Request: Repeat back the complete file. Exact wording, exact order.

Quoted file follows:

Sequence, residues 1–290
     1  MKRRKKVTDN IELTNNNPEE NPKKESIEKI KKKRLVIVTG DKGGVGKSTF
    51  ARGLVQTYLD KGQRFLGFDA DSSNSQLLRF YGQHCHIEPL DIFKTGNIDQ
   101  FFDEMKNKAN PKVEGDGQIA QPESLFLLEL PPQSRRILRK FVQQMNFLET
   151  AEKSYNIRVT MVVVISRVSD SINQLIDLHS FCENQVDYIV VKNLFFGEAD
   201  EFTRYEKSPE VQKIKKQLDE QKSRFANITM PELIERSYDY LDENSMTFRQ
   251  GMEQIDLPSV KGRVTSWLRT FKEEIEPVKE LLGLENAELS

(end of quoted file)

Sequence, residues 1–290
     1  MKRRKKVTDN IELTNNNPEE NPKKESIEKI KKKRLVIVTG DKGGVGKSTF
    51  ARGLVQTYLD KGQRFLGFDA DSSNSQLLRF YGQHCHIEPL DIFKTGNIDQ
   101  FFDEMKNKAN PKVEGDGQIA QPESLFLLEL PPQSRRILRK FVQQMNFLET
   151  AEKSYNIRVT MVVVISRVSD SINQLIDLHS FCENQVDYIV VKNLFFGEAD
   201  EFTRYEKSPE VQKIKKQLDE QKSRFANITM PELIERSYDY LDENSMTFRQ
   251  GMEQIDLPSV KGRVTSWLRT FKEEIEPVKE LLGLENAELS